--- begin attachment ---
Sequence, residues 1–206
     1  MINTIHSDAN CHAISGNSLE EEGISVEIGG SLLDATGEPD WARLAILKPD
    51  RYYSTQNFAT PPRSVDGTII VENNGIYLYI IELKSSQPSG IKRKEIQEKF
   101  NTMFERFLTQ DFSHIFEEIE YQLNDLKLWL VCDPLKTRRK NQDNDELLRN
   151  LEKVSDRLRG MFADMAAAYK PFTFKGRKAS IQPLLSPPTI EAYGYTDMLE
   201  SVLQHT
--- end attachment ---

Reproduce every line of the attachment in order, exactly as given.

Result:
Sequence, residues 1–206
     1  MINTIHSDAN CHAISGNSLE EEGISVEIGG SLLDATGEPD WARLAILKPD
    51  RYYSTQNFAT PPRSVDGTII VENNGIYLYI IELKSSQPSG IKRKEIQEKF
   101  NTMFERFLTQ DFSHIFEEIE YQLNDLKLWL VCDPLKTRRK NQDNDELLRN
   151  LEKVSDRLRG MFADMAAAYK PFTFKGRKAS IQPLLSPPTI EAYGYTDMLE
   201  SVLQHT